Public has chance to speak on rate hikes

April 20, 1998|By STEVEN T. DENNIS

The public will get its turn to tell the Washington County Commissioners what they think about water and sewer rate increases and subsidies at a hearing at 7 p.m. Tuesday in Courtroom One of the Washington County Courthouse.

The commissioners voted 3-2 on April 7 for increasing water and sewer rates by 4 percent starting July 1 and lowering the county's annual cash subsidy of water, sewer and pretreatment services from $3.53 million to $2.83 million.

The rate increase would cost the average customer $16 more for water and $14 more for sewer each year.

The commissioners can change their minds after the public hearing.

Commissioners James R. Wade, R. Lee Downey and Commissioners President Gregory I. Snook voted to drop the subsidy by $700,000 and increase rates 4 percent.

Commissioners John S. Shank and Ronald L. Bowers voted against a drop in subsidies and for a 3 percent rate increase.


Bowers wanted to increase the subsidy to $4.53 million, which was recommended by the Water and Sewer Advisory Commission to help pay for new sewer projects.

The sewer rate increase would be less than half the 9 percent increase projected last year.

Several factors have combined to brighten the picture for the county's water and sewer system, which is plagued by a $53 million debt and a dearth of customers.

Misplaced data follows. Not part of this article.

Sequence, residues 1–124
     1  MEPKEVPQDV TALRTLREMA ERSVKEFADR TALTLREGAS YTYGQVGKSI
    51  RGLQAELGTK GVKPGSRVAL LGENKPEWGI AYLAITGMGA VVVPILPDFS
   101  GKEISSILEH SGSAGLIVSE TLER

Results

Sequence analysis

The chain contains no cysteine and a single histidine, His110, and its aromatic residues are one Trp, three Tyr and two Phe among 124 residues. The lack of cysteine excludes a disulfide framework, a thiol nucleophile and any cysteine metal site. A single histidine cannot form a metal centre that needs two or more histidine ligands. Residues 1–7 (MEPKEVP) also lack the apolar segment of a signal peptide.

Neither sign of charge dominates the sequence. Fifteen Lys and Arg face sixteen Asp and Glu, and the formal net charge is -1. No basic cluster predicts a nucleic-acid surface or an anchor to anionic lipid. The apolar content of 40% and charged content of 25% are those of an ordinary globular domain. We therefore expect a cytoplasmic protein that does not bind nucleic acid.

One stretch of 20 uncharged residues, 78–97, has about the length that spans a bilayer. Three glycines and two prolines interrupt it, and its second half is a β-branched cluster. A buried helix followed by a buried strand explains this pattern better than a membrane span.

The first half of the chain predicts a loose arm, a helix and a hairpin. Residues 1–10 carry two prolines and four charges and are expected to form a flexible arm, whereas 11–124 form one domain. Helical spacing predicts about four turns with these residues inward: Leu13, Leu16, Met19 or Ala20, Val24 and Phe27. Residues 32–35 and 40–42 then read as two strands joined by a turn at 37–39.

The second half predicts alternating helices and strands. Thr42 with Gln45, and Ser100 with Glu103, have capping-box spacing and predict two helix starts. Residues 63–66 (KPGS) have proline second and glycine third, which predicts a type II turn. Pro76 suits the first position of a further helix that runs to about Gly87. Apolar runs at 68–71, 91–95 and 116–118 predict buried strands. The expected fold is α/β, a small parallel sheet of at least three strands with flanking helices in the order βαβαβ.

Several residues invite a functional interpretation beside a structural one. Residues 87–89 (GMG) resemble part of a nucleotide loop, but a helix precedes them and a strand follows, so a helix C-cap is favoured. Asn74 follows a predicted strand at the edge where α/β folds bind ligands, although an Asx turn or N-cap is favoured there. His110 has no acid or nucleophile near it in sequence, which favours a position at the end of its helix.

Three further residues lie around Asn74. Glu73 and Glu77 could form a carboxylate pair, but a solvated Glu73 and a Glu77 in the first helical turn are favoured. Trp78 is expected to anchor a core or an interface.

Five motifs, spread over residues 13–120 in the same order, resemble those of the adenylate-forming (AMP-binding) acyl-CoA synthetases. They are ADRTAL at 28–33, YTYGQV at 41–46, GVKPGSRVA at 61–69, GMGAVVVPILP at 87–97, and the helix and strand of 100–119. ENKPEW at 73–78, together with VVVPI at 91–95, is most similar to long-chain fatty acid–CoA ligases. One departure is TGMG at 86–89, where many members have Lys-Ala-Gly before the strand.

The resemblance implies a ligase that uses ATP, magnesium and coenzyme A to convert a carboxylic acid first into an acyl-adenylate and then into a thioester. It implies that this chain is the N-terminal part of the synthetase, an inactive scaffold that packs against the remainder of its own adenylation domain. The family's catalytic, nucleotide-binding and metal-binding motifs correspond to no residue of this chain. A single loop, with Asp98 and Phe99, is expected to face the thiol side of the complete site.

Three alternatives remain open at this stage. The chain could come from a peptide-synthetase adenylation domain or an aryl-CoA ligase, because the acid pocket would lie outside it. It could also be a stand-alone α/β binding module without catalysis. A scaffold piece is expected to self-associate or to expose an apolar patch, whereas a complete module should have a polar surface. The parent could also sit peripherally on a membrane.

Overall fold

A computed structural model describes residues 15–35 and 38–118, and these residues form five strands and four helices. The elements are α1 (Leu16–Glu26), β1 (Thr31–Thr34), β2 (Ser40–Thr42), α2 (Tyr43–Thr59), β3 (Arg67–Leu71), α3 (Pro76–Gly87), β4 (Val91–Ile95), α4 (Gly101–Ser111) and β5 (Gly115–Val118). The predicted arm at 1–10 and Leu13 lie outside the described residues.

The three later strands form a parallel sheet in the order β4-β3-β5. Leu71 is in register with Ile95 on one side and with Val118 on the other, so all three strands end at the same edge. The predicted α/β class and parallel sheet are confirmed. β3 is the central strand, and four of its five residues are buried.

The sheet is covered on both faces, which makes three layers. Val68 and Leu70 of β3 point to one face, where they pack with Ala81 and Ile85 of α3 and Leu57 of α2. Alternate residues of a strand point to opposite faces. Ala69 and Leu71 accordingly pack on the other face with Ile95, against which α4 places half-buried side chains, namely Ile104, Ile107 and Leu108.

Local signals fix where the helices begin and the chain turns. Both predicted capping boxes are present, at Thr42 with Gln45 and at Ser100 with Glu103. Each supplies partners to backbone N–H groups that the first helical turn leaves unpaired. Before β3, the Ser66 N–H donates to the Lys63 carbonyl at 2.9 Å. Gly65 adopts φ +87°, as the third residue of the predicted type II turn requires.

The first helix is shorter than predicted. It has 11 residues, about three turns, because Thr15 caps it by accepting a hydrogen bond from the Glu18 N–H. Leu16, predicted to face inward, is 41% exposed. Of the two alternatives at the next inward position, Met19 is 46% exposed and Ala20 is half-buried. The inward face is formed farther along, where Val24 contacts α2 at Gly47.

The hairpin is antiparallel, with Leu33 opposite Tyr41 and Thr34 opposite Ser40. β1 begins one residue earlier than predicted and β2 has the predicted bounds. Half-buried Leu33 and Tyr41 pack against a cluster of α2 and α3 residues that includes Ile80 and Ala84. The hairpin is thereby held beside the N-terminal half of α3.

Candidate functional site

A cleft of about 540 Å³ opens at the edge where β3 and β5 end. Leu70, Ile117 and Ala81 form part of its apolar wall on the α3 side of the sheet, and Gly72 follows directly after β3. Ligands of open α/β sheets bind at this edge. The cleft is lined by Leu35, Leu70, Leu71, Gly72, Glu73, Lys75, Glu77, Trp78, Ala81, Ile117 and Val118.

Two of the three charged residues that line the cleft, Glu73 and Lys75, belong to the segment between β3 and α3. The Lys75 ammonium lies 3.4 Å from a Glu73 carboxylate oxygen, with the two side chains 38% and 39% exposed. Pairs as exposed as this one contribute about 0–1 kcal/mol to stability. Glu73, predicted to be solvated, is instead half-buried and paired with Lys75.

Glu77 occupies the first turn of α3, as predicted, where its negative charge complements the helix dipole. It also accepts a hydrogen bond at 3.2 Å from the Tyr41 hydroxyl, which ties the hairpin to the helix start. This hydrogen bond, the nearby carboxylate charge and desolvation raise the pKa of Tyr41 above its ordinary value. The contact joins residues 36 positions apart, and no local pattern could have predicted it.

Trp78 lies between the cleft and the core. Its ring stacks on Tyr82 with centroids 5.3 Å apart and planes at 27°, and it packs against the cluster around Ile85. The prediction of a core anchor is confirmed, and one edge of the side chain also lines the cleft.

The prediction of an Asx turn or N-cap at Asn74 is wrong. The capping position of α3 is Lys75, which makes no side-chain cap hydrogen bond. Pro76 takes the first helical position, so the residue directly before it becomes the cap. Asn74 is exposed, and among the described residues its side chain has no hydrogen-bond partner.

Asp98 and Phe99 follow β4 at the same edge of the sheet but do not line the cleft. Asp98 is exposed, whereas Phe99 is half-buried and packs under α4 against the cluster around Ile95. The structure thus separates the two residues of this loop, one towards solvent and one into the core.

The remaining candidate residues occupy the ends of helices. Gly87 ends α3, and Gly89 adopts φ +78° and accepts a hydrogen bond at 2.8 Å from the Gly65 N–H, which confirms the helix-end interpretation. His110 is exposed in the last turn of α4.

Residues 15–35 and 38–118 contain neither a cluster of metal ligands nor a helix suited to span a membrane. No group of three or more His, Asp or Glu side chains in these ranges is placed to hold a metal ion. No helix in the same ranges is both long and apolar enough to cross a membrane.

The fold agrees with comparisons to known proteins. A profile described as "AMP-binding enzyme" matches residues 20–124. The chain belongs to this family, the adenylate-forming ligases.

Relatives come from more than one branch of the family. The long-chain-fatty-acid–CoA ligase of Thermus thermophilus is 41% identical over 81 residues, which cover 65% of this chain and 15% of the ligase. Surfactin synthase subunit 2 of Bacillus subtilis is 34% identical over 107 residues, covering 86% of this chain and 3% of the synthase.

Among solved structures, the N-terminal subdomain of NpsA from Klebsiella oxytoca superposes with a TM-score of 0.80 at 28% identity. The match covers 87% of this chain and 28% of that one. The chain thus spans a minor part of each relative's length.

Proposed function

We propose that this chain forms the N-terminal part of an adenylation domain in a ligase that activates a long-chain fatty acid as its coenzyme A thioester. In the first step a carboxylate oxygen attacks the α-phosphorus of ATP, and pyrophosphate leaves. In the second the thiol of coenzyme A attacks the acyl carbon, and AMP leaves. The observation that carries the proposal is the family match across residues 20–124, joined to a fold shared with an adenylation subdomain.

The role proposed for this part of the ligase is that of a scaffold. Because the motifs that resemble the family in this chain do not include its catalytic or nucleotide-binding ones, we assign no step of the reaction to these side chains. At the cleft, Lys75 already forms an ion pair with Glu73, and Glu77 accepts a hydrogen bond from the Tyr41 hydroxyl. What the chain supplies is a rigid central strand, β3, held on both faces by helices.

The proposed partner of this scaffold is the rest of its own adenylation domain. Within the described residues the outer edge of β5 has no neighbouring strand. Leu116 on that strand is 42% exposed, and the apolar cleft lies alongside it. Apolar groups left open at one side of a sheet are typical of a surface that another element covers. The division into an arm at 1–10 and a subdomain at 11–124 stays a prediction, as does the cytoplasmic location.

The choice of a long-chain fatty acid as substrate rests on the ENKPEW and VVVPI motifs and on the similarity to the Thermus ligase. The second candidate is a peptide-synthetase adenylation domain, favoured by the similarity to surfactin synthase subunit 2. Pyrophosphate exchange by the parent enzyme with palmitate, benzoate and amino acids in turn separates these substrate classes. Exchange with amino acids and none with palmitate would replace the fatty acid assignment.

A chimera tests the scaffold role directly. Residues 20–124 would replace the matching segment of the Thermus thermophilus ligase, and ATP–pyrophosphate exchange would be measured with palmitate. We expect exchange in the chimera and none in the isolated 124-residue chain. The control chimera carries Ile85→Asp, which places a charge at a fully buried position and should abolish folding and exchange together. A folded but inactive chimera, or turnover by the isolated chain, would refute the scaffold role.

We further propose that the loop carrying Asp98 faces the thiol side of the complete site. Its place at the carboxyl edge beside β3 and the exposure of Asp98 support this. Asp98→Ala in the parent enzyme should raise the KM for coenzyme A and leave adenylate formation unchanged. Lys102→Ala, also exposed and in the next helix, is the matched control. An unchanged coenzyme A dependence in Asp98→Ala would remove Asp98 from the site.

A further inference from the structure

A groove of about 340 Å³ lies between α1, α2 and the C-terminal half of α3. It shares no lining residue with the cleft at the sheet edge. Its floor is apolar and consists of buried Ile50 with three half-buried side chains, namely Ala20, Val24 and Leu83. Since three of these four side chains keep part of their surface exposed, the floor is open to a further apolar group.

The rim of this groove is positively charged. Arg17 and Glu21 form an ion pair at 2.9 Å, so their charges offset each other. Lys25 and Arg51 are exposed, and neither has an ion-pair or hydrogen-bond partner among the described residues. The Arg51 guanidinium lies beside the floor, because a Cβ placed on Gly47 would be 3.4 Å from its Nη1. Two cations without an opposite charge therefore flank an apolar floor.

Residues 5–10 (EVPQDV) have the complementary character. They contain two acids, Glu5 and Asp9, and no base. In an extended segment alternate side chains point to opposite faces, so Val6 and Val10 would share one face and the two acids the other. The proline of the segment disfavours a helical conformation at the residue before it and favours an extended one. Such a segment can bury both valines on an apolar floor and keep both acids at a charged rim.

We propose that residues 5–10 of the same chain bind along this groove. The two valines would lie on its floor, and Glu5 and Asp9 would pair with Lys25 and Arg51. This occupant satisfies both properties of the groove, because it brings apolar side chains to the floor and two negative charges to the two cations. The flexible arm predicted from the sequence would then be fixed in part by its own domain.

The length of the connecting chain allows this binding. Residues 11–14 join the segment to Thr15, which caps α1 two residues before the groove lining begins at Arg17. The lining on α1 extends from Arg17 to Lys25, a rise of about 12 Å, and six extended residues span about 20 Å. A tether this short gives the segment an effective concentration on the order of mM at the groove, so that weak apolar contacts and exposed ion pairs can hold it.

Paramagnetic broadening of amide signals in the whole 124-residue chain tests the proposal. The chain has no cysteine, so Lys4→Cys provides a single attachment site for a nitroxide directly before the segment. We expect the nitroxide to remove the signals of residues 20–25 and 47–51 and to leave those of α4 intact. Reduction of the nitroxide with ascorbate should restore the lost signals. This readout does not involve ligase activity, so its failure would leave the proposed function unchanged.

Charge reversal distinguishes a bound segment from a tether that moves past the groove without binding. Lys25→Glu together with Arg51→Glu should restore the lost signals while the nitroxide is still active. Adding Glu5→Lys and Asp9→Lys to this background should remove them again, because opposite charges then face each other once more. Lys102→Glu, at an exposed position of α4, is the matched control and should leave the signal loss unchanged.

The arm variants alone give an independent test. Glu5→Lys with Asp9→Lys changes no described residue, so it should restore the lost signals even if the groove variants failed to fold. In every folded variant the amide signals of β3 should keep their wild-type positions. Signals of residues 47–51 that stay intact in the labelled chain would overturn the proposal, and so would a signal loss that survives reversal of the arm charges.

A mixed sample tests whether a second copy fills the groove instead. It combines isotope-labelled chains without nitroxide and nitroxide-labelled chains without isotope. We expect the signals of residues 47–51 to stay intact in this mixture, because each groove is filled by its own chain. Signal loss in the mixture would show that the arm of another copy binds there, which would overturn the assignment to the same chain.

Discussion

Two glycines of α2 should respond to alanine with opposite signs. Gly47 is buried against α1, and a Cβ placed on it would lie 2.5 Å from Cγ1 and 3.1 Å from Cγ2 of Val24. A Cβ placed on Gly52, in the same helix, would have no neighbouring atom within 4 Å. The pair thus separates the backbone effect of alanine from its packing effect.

A 15 percent cut in operating costs and cheaper-than-expected pollution control measures anticipated from closing the Nicodemus Wastewater Treatment Plant have helped keep a lid on rates.

The Water and Sewer Department's financial staff also was transferred to the Department of Budget and Finance, with county taxpayers picking up the $200,000 a year tab.

The county's money-losing Conococheague Industrial Pretreatment Plant is also beginning to show signs of life.

The county hopes revenue at the plant will quadruple in the year starting July 1 from $100,000 to $400,000 because of marketing efforts. Operating and marketing costs of about $1 million bring the expected loss next year to $600,000, which is still a $300,000 improvement.

The county has about 8,000 water and sewer customers.

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